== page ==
I keep buying more coins for sets, not getting them graded and then looking for more coins. Then the funds for all of the grading becomes too daunting so I procrastinate more...a bad cycle to be stuck in for and orderly collector.
    Just looking into 2 coin cases that I acquired to protect raw coins until grading, I was surprised myself to see that I had pretty much filled up all of the various drawers with mint sets, proof sets, silver issues, themed coins and on and on--I really had no idea of the amount.
    So as I share this photo with you-and it is just PART of the raw coins I have set aside to be encapsulated, it is not to show off in any way, but instead to confess openly of my "acquisition issues."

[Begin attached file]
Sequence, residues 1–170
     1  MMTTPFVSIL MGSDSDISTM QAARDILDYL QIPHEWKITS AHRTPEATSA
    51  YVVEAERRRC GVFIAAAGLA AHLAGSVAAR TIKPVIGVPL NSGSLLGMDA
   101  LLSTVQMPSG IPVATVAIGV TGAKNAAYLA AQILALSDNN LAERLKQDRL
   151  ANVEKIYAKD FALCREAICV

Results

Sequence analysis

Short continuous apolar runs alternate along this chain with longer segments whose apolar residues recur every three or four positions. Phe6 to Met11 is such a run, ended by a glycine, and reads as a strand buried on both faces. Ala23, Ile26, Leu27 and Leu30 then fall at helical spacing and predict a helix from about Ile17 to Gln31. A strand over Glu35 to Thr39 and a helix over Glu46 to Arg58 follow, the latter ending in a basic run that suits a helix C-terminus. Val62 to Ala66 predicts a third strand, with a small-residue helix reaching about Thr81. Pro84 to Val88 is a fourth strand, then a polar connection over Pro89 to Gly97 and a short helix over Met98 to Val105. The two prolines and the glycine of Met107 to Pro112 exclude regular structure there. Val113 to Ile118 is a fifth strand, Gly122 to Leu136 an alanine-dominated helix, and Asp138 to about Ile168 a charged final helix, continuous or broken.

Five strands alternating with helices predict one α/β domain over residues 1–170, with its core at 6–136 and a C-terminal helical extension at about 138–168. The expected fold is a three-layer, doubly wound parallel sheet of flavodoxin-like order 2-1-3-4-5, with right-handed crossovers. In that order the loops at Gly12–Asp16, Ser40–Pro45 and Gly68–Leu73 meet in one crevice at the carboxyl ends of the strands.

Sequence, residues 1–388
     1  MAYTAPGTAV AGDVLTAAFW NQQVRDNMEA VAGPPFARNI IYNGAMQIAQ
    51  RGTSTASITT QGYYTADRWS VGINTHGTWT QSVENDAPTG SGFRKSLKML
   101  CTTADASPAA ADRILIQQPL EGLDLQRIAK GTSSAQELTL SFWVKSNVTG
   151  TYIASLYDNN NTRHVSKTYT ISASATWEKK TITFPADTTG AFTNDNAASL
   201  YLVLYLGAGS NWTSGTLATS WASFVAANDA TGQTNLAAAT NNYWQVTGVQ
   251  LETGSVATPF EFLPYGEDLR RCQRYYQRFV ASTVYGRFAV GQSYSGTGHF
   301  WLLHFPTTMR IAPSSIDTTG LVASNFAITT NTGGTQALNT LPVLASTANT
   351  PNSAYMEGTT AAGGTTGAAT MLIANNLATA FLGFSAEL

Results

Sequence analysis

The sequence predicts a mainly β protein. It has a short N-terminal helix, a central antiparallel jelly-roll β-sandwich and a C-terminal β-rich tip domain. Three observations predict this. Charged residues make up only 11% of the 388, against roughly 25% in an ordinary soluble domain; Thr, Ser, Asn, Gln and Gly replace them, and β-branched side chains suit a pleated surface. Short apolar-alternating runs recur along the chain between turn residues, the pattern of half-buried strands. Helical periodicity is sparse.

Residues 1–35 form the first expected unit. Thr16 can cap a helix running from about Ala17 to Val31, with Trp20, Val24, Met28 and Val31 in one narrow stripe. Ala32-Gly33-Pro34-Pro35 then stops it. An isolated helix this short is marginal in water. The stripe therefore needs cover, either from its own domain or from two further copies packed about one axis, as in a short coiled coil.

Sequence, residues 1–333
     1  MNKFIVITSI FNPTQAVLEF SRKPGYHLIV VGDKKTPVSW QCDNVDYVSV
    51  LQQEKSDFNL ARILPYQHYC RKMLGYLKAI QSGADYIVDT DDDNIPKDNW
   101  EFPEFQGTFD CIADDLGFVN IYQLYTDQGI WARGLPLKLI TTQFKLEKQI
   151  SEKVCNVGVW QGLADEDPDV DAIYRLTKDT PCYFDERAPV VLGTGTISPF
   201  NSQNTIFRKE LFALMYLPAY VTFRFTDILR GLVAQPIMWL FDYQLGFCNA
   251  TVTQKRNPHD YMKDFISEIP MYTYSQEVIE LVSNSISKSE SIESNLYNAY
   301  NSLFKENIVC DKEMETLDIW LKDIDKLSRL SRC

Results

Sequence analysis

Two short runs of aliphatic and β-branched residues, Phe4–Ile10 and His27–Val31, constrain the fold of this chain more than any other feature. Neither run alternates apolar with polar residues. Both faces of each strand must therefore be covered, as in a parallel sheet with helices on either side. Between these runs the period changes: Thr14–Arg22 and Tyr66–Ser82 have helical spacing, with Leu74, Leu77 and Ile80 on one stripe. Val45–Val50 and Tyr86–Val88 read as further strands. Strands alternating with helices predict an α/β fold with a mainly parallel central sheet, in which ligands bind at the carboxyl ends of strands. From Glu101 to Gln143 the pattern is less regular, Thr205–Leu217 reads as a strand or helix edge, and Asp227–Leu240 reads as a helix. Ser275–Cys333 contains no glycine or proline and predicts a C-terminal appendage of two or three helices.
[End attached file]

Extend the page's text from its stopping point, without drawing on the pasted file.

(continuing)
After all, admitting you have a problem is the first step to recovery, right?

    PS: the first 15 have been decided--the final Bahamian 50c to complete that set, the final 4 Bahamian $2 coins with the flamingo at sunset, the Canada "alloy" silver coins from the 2014 and 2016 proof sets of 10c and $2 coins which will complete/update both of those 100% and the final 6 coins will be Bear themed coins for the granddaughter's bear coins collection. This is a step in the right direction to re-establishing order in my collecting I believe.
    PPS: thanks Dena 

    http://coins.www.collectors-society.com/usercontent/images/journals/

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    I should have noticed this before...